Greg Foran is a Kiwi boy made good overseas who is returning home. The North Island born Foran who became the CEO of Walmart US has just landed the top job at Air New Zealand after the current boss, Christopher Luxon, resigned in June.
It ends a four month search for a CEO and is something of a coup for Air New Zealand. Greg Foran will be taking a pay cut and be working in a much smaller corporate environment but he has said it was time he headed home.
He brings with him an impressive C.V. and is widely credited with turning Walmart’s US operations around. Two years ago, Walmart CEO Doug McMillon called Greg Foran “the greatest retailer on the planet.”
A retailer not an aviator
Mr Foran has no aviation industry experience. He learned the retail ropes working his way up at Woolworths in Australia. In 2011 he made an unsuccessful tilt for the CEO’s job at Woolworths after the incumbent resigned. Greg Foran lost out to rival Grant O’Brien who infamously took Woolworths on its ill-fated AUD$2.6 billion foray into big box hardware with Masters.
Mr Foran left Woolworths soon after, heading to Walmart where he learned the Walmart way of doing things at their China operations. For a time he was Walmart’s China CEO.
In 2014, he was tapped to become Walmart’s US CEO and moved to Arkansas. It was a problematic time for Walmart’s US stores. Its low cost strategy was under attack from new rivals such as Aldi. There was a lot at stake. Greg Foran found himself responsible for over one million employees, 4700 stores, and USD$452 billion in sales.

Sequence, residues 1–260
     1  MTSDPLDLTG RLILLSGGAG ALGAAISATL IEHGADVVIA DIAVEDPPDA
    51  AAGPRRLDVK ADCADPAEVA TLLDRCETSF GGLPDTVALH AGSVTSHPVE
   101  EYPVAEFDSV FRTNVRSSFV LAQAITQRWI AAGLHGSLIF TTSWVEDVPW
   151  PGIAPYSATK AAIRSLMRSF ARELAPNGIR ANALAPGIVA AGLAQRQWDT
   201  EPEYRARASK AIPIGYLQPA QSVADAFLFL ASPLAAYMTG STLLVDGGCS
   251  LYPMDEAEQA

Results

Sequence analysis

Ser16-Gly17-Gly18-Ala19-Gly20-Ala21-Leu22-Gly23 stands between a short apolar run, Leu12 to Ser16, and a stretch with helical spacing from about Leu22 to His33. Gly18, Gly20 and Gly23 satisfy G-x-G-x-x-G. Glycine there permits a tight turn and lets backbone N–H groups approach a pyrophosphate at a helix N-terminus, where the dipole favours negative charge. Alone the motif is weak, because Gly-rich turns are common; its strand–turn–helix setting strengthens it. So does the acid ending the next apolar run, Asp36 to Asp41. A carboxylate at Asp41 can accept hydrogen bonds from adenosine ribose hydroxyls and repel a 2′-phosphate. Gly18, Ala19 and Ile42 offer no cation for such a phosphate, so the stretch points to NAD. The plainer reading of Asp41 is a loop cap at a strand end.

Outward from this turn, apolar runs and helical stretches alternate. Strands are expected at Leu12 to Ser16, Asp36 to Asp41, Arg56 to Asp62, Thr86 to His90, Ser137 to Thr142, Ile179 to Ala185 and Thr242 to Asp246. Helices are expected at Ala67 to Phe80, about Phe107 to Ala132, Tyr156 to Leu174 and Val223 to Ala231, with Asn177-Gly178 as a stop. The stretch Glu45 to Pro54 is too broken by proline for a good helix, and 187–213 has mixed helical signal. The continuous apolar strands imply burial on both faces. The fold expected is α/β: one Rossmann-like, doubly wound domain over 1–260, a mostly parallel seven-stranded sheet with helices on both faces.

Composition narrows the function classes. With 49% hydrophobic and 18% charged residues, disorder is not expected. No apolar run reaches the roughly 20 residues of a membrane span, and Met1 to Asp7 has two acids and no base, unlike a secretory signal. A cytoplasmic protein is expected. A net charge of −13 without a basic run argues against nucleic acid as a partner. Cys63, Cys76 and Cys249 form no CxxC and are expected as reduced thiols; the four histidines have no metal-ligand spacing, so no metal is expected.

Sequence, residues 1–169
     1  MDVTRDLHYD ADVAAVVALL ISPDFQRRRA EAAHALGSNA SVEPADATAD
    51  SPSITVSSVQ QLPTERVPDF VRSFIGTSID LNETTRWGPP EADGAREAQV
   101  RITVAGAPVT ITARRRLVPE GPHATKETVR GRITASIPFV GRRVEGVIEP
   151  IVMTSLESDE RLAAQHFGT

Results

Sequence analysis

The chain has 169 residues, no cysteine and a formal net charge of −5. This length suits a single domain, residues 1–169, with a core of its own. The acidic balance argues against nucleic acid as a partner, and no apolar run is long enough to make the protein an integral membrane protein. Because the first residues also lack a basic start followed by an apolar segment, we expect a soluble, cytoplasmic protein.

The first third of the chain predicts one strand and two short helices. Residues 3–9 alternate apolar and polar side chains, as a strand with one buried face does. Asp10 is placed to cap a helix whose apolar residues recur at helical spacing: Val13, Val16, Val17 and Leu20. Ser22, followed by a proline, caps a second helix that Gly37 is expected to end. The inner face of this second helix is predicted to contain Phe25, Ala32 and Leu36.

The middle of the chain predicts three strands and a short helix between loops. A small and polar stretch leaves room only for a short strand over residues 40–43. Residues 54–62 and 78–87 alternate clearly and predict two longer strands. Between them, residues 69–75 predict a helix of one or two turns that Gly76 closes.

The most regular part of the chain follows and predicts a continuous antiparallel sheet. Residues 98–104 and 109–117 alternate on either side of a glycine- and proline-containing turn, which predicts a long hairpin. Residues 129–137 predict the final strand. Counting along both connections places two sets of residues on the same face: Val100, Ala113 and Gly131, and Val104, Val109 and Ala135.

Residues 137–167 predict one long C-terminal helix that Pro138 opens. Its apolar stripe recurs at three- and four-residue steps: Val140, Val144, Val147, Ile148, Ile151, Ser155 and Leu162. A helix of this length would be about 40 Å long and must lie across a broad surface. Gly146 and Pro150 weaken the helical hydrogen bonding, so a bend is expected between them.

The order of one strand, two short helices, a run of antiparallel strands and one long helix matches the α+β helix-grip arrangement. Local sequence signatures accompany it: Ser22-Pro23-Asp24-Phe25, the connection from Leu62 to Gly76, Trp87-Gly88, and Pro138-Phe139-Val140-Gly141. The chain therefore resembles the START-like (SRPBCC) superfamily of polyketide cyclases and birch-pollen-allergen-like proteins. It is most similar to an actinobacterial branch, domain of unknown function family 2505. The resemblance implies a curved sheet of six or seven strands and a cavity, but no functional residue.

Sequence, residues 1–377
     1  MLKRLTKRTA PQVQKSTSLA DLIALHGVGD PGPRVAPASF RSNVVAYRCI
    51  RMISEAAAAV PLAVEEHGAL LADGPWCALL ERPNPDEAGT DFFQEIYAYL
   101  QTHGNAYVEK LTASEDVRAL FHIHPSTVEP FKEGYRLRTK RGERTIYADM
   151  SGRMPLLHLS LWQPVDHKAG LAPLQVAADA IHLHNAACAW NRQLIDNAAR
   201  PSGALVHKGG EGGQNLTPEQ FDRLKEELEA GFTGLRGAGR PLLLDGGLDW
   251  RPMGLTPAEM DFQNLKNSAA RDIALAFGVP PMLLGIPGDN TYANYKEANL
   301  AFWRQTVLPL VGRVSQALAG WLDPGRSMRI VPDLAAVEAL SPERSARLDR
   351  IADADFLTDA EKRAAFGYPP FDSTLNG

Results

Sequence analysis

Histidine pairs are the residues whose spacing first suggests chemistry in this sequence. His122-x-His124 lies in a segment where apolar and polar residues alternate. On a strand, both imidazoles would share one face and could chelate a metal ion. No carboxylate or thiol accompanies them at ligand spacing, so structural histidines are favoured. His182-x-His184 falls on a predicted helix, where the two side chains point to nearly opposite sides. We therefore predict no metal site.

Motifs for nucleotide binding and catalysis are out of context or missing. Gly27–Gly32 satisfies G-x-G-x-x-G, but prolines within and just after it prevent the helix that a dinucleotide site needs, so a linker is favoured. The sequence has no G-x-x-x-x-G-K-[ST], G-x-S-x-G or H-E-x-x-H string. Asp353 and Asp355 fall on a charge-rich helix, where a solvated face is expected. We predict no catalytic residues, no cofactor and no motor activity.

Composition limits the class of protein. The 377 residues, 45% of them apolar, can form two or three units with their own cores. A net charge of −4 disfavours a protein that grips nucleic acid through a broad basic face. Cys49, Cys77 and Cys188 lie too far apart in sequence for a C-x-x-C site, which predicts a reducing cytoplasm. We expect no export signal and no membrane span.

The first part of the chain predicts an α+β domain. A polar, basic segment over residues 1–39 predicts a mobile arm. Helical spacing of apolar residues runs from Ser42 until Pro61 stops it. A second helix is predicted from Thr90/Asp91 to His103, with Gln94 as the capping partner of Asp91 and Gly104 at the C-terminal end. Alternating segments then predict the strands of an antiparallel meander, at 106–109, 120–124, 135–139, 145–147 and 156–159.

But the boy from New Zealand’s North Island turned Walmart’s embattled US operations around. Greg Foran cleaned up the stores, improved product availability, cut prices, and raised his employee’s wages. Consequently, sales improved and Mr Foran leaves Walmart after three straight years of quarterly increases.
Greg Foran faces some challenges at Air New Zealand
A big reputation comes with Greg Foran. He’ll need the capital that brings. Air New Zealand is viewed as a decent business within the wider aviation environment. But it is a business that like so many other airlines, is facing an increasingly tough market environment.
Air New Zealand has cut its profit guidance and growth forecasts for the next three years. It has instigated a wide ranging review of its operations and costs following a 31% slump in net profits (to NZD$270 million) in the 2018/19 financial year
If this is concerning Greg Foran, he is not letting it show.
“Customers are customers, whether they’re going into a restaurant, whether they’re going into a store, whether they’re catching a flight.”
Not everyone would agree with that assessment.
In his comments following the announcement of his appointment as Air New Zealand’s new CEO, Greg Foran appeared interested in making the airline a leader in sustainability. Whilst noting traditional aviation metrics were important, he said:
“We need to be taking some positive steps around us, and there are a number of things that fit into sustainability from carbon footprints drive by CO2 emissions to social responsibility around sustainability. I think it’s vitally important that we lead, not just in New Zealand but around the world, in terms of what we accomplish.”
The whole concept of sustainability within the aviation industry is very much in its infancy. It carries with it extra costs and the risks inherent in the early adoption of new strategies and methods. While admirable and probably cost effective in the long term, how this position will fit into the current need to cut costs at Air New Zealand remains to be seen.
Greg Foran is due to take the hot seat at Air New Zealand some time in the first quarter of 2020.
Categories: Air New Zealand